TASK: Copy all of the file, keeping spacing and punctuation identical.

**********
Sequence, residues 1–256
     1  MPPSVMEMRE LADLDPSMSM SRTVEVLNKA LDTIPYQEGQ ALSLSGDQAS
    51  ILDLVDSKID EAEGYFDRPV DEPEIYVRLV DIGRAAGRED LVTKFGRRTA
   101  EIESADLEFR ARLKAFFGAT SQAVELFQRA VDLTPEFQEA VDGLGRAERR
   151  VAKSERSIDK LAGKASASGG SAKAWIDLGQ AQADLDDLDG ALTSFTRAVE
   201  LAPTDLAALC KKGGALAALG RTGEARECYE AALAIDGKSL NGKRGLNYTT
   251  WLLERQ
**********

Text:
Sequence, residues 1–256
     1  MPPSVMEMRE LADLDPSMSM SRTVEVLNKA LDTIPYQEGQ ALSLSGDQAS
    51  ILDLVDSKID EAEGYFDRPV DEPEIYVRLV DIGRAAGRED LVTKFGRRTA
   101  EIESADLEFR ARLKAFFGAT SQAVELFQRA VDLTPEFQEA VDGLGRAERR
   151  VAKSERSIDK LAGKASASGG SAKAWIDLGQ AQADLDDLDG ALTSFTRAVE
   201  LAPTDLAALC KKGGALAALG RTGEARECYE AALAIDGKSL NGKRGLNYTT
   251  WLLERQ